I Can’t Drive 5,555.55 Miles, but I Bicycled Them! (6,056 Total with Walking in 2021)

It’s year six in the books, for those keeping count of both blog and bodacious bike riding (and four years of basically daily bipedaling, i.e., walking). As you know, 2020 was remarkable globally because of THE KILLER VIRUS, but it was memorable for me personally. I really got after it and as a result last year’s review post was titled A Devil of a Year: 6,666.66 Miles Bicycled in 2020 (7,278 Total with Walking)! So yes, I biked every day all year (one less due to leap year) — again — but for 1,111.11 miles less. That was intentional, since 18.21 miles a day was too much to repeat. But it was also necessary to do less, because, life. And I’m not a machine; I’m a dude. However, 15.22 miles a day is still pretty, pretty, pretty good, so Sophie the Fairdale and I are quite satisfied with it. Let’s get to the Strava images which best sum things up with aplomb. (Yum, a plum sounds delicious, but out of season.) After all, one must have a hint of color!

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November 2021 Strava Stats; One Month to Go

December is here in all its tawdry commercial tinsel and glitter, saying “Hey everybody, look at me, I’ve got Bodhi Day, Chanukah, Winter Solstice, Christmas, Kwanzaa, and New Year’s Eve!” To that I say, Curb your enthusiasm, December.” But for this dude, it’s just that same time of month, i.e., the first, in which I sometimes recount what I did the previous month on bike, foot, and yoga mat. So let’s see how I did.

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1,000 Miles to Go to My 2021 Bicycling Goal

Today I hit 4,555.5 miles on my Strava statistics. (Yes, I planned it that way.) Since I’ve been bicycling about 15 miles a day all this year of 2021, my 14.7-mile ride was right in my wheelhouse, so to speak. I took Sonnie the GT Arette back-up bike, since Sophie the Fairdale Weekender Archer apparently has yet another leaky tire. So she got another night off, the slacker. The point is that I’m on track for my second best (by that I mean longest) year on a bicycle. I’m not bragging as much as just telling it like it is. But as usual I have thoughts about it. Hope you’ll read them! Reading is a lot easier than biking 100+ miles a week, that much I know to be true.

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Two Years of Daily Bicycling: Simple, Not Easy

Something kinda big just recently happened, and I forgot to blog about it. What with that fellow blogger guy coming to town and my big birthday ride (which I’ll get to another time, I reckon), I sort of overlooked a major milestone: two years of riding every single day! That’s somewhere upwards of 12,000 miles. By now, the mileage goals I’ve set and met are almost like literal mileposts on a highway. I pass them by, and they’re in the rearview mirror. Not forgotten, but I’ve seen them and moved on. I suppose that’s what we do here at A Dude Abikes. We keep on bikin’. (And walkin’ and doin’ yoga, and, well that’s mostly it for exercise.) Writing about my journey makes it more real somehow. And 731 days of riding is very real, rest assured. Hmm, some rest would be in order by now, you’d think. And if you did, you’d’ve thunk correctly. But there’s no rest for the weary. So on we go. How I got from I to we, I/we don’t know. Let’s go to the next paragraph, shall we?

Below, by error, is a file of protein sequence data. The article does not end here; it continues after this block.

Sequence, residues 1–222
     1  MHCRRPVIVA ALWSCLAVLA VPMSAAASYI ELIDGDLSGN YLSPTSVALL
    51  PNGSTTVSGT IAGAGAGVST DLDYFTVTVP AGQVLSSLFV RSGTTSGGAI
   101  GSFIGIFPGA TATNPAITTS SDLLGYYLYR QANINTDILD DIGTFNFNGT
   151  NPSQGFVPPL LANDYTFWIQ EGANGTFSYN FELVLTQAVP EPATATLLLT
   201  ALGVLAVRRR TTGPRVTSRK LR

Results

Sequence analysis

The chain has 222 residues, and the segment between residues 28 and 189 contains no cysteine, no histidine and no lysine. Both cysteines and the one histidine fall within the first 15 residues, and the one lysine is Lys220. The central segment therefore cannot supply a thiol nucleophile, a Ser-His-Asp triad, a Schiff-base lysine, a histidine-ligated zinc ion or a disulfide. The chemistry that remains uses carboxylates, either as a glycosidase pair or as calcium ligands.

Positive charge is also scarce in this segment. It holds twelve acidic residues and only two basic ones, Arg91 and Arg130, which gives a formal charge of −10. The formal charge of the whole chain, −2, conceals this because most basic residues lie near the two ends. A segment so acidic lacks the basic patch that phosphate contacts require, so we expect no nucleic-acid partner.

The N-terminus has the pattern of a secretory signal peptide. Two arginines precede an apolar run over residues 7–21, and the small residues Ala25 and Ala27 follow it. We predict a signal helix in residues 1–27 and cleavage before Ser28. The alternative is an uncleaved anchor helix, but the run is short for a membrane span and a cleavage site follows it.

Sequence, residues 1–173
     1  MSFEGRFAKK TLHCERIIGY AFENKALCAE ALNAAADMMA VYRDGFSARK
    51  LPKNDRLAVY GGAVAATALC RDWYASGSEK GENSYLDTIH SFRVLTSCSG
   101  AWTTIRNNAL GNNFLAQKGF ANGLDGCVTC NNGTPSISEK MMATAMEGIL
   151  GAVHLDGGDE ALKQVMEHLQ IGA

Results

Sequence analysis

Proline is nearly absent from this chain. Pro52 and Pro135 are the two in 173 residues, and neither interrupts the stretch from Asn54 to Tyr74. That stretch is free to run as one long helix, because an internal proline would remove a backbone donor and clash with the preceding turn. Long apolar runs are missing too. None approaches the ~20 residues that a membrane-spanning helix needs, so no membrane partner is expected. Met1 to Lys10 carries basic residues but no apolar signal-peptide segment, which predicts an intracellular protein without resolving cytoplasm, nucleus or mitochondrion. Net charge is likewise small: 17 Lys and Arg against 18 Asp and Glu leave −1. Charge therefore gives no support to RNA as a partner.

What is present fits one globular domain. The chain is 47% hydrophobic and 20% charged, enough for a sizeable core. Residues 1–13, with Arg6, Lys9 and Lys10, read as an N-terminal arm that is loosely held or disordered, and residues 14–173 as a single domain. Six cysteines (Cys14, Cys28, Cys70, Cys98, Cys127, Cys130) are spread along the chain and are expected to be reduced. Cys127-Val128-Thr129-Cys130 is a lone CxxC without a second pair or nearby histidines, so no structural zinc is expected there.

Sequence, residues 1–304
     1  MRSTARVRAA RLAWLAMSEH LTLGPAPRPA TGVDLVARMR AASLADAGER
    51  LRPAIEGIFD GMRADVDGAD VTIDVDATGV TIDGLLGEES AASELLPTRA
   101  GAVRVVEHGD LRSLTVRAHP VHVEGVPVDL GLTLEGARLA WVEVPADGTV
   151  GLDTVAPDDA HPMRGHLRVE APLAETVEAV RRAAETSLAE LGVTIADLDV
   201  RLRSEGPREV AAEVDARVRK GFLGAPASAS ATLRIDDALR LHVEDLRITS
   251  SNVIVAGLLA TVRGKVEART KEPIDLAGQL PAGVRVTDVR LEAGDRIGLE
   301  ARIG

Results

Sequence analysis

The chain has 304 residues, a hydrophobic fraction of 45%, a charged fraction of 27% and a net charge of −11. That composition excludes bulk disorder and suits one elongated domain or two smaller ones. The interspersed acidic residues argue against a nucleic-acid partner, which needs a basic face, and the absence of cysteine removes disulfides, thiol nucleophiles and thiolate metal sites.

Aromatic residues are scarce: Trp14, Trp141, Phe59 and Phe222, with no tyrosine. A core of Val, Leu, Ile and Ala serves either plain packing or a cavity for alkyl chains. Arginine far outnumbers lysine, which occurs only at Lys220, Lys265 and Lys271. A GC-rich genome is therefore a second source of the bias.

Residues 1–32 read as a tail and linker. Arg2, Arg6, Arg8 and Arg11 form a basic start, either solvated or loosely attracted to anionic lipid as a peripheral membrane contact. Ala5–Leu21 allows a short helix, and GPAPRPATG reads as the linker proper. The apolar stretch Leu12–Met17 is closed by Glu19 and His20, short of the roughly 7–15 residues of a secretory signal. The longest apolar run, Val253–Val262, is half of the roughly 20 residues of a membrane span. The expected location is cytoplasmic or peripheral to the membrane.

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3,002 Miles Bicycled in 2021… So Far!

Tonight’s ride was a modest 10 miles, but it pushed me over 3,000. Round numbers make nice milestones — in my case, literally. Normally I do statistics at the beginning of a new month for the one proceeding. But this marker seemed worthy of a post. For one thing, it is a number that tells me I will have probably ridden my bike more than driven the car I was given in the last year. There’s something to be said for doing what one can to reduce one’s carbon footprint, given the very real and scientific consensus that climate change is killing the planet. (Naysayers can go put on their tin foil hats elsewhere like with the flat earthers.) Of course 15+ years with no car was better. But I digress. I may be slowing but I still manage to ride my bike. If you also bike, you know it’s fun. If you don’t, you should try it! Do you konw what’s also fun? Looking at my biking numbers.

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Is It Possible to Ride Your Bicycle Too Much?